Sunday, November 23, 2008

Is Snowboarding is ageless?

At 62 years of age Dick Schulze competes at Burton Global Opens series 2009

British Snow Addictions asks some questions to The Swatch TTR World Snowboard Tours Oldest competitor

Dick, what is your age?


When did you start snowboarding?


What makes you a snow addict?

I wish I knew the answer to this one. Once when I was at the start gate in a big air contest, staring downhill at that huge kicker and scared sh**less, a thought popped into my head: Why couldn’t it have been tiddly winks? I have just finished reading the book Bodies in Motion by Steven L. Thompson, which tries to answer the question of why motorbike riders get addicted to motorbikes. I suffer from that addition too. Maybe it has to do with speed: with a GPS receiver I have clocked myself on a snowboard at 103 kph, and on my motorbike I have gone over 160 kph. But it’s more than speed: there is something incredibly sensuous about snowboarding. When you ski, you think of conquering the mountain, but on a snowboard you are dancing with the mountain. Maybe it’s both the speed and the sensuality that have me hooked.

What wise words of wisdom have you got for young snowboarders?

Oh, I could mount my soapbox and orate for hours on this topic! But I will just say this: you only get one body so take good care of it – eat well, get heaps of exercise, and don’t smoke! Live with passion – life is too short to waste it not doing what you love, so find a profession that excites you and throw yourself into it.

Where is your favourite snow resort?

Anywhere the powder is deep and the slopes are steep. I think the best ones are in the Rocky Mountains – Crested Butte, Beaver Creek, Aspen, Jackson, Park City, to name a few, and in the Sierras – Mammoth, Squaw, and in the backcountry of New Zealand.

What type of riding do you prefer?

Oh, number one choice is half a meter of fresh powder on steep slopes in the trees at places like Squaw or Northstar. But a competitive snowboarder is who I am – it’s what I am – my favorite events are boardercross and half pipe.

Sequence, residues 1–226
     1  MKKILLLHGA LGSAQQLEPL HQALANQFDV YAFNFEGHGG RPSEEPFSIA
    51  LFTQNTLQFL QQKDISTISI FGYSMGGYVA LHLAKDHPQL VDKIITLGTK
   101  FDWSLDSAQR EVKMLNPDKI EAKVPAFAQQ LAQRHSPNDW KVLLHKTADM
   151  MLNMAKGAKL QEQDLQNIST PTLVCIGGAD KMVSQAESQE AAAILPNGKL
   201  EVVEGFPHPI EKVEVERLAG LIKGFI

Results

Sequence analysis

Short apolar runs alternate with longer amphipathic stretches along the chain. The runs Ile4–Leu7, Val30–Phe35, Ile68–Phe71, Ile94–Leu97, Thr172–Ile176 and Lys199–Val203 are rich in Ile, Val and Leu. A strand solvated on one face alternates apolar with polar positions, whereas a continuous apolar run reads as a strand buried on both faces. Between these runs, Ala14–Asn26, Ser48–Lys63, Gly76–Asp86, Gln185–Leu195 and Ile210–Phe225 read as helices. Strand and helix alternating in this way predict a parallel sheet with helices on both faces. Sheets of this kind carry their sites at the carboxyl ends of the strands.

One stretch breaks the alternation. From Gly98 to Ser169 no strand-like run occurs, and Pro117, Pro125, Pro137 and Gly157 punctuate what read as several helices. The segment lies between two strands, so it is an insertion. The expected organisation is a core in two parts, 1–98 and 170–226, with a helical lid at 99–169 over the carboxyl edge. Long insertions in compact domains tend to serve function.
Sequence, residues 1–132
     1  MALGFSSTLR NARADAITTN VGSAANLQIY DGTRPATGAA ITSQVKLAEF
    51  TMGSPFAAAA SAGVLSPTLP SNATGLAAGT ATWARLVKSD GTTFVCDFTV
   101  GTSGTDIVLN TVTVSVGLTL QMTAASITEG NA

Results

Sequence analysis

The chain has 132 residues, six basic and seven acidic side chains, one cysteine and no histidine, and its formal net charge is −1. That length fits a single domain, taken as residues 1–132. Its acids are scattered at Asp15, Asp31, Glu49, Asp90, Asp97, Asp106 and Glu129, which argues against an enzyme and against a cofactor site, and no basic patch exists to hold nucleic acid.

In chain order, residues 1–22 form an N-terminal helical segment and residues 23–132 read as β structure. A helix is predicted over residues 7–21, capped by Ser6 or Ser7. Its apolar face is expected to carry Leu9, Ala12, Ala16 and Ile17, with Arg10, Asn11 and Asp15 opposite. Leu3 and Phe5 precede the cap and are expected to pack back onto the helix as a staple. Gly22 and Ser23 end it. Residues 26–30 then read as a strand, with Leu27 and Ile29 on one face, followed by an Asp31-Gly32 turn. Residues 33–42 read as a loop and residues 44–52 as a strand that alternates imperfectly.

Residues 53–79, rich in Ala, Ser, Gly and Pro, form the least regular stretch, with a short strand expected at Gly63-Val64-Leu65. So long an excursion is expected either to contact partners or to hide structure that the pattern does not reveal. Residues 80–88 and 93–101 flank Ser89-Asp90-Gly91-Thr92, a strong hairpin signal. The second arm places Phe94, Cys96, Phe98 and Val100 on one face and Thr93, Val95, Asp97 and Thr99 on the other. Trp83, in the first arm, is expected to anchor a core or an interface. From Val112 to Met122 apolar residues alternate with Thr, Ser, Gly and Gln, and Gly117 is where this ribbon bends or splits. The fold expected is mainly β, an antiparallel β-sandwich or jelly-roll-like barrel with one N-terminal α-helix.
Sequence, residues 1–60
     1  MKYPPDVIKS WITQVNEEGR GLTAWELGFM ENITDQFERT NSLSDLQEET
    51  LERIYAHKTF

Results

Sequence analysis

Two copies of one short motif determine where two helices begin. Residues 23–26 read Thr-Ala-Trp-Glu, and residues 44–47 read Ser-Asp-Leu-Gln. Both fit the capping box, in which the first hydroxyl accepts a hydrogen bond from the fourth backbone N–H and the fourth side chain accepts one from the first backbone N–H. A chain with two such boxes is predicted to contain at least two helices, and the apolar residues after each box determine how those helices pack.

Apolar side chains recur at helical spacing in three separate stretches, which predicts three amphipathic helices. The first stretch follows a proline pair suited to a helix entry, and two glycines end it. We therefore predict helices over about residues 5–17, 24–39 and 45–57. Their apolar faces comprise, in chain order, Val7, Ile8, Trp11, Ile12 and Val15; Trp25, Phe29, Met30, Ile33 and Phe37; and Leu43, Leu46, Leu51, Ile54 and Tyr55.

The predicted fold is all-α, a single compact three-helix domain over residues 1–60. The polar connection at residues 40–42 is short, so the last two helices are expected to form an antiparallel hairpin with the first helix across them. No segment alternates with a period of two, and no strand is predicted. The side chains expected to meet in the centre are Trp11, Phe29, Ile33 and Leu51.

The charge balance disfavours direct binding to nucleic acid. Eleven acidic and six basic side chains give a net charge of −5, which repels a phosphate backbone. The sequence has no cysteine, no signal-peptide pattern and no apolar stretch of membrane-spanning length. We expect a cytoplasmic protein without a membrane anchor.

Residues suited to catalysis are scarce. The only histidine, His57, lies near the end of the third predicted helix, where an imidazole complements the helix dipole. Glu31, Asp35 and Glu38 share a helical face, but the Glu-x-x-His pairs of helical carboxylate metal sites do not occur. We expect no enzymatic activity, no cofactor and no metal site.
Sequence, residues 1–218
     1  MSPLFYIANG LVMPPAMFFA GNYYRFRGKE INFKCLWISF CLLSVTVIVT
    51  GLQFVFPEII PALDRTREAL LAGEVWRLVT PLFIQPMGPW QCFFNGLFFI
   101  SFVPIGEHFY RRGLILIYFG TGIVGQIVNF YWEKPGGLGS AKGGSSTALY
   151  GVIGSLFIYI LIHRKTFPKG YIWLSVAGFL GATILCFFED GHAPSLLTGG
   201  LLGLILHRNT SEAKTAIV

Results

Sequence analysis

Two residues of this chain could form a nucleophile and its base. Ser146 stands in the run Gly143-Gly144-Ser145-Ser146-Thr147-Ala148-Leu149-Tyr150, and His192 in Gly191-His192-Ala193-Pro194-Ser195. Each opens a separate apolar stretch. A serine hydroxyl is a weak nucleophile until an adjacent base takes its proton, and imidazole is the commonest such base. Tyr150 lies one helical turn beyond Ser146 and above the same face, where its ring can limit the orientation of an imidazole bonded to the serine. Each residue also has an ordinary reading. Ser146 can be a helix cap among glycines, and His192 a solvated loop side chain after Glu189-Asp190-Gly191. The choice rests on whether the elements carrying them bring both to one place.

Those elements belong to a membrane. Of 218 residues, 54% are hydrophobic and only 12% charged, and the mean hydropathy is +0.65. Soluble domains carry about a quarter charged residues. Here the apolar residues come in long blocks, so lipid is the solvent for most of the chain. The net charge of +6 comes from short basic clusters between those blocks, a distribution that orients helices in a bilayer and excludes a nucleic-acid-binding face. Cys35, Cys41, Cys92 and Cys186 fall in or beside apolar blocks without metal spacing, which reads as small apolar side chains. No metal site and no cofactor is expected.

Have you been to a UK indoor snow dome?

I lived in Uxbridge for about a year, but that was in my presnowboarding days – 1950 to be exact, when I was four years old and snowboarding had not been invented yet. I have not been to the UK since then (except a one-day business trip to Bristol nearly 12 years ago). In Singapore I have been to Snow City, a small snow dome. If I return to the UK, yes I would go to a snow dome.

Your top 3 healthy addictions?

Are you implying I have some unhealthy ones?!? After snowboarding, it would have to be motorcycling, flying, and taking my grandsons rock climbing. And I really like skateboarding but I totally suck at it!

Where do you see the sport and lifestyle of snowboarding in the future, say, 10 years or so?

Snowsports of all kinds will continue to be popular and will become more so after the world economy sputters back to life. Snowboarding will become more and more mainstream, and at the elite end it will become more and more competitive -- it will be harder for a young rider to become a pro. Ski resorts will move north to escape global warming – think northern tiers of Russia and China.

If you have anything else to say, just add it here.

Well, a huge thank-you to my sponsors Base Snowsports and Snowpark Skifield (both of New Zealand) and to all my many snowboard coaches and mentors.

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